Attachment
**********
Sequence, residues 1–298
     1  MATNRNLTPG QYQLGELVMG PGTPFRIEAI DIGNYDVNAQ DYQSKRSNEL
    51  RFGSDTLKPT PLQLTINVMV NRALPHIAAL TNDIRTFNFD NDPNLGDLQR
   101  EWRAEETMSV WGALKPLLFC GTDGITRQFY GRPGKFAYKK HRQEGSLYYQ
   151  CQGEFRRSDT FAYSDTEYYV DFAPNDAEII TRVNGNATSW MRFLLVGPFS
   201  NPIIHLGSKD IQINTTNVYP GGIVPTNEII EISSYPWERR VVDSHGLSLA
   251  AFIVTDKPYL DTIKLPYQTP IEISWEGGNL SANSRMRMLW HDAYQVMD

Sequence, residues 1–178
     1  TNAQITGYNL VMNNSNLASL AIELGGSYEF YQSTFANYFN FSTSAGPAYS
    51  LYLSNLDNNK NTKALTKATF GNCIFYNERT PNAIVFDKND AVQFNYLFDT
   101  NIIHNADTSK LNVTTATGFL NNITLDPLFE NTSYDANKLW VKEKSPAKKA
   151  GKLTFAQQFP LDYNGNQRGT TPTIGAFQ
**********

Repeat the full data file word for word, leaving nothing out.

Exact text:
Sequence, residues 1–298
     1  MATNRNLTPG QYQLGELVMG PGTPFRIEAI DIGNYDVNAQ DYQSKRSNEL
    51  RFGSDTLKPT PLQLTINVMV NRALPHIAAL TNDIRTFNFD NDPNLGDLQR
   101  EWRAEETMSV WGALKPLLFC GTDGITRQFY GRPGKFAYKK HRQEGSLYYQ
   151  CQGEFRRSDT FAYSDTEYYV DFAPNDAEII TRVNGNATSW MRFLLVGPFS
   201  NPIIHLGSKD IQINTTNVYP GGIVPTNEII EISSYPWERR VVDSHGLSLA
   251  AFIVTDKPYL DTIKLPYQTP IEISWEGGNL SANSRMRMLW HDAYQVMD

Sequence, residues 1–178
     1  TNAQITGYNL VMNNSNLASL AIELGGSYEF YQSTFANYFN FSTSAGPAYS
    51  LYLSNLDNNK NTKALTKATF GNCIFYNERT PNAIVFDKND AVQFNYLFDT
   101  NIIHNADTSK LNVTTATGFL NNITLDPLFE NTSYDANKLW VKEKSPAKKA
   151  GKLTFAQQFP LDYNGNQRGT TPTIGAFQ